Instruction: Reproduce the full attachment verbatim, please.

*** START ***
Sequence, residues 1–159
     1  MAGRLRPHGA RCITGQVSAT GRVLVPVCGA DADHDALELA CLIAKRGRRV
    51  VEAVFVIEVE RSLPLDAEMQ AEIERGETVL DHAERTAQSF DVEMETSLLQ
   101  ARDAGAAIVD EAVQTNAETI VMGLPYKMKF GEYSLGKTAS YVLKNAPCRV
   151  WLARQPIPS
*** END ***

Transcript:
Sequence, residues 1–159
     1  MAGRLRPHGA RCITGQVSAT GRVLVPVCGA DADHDALELA CLIAKRGRRV
    51  VEAVFVIEVE RSLPLDAEMQ AEIERGETVL DHAERTAQSF DVEMETSLLQ
   101  ARDAGAAIVD EAVQTNAETI VMGLPYKMKF GEYSLGKTAS YVLKNAPCRV
   151  WLARQPIPS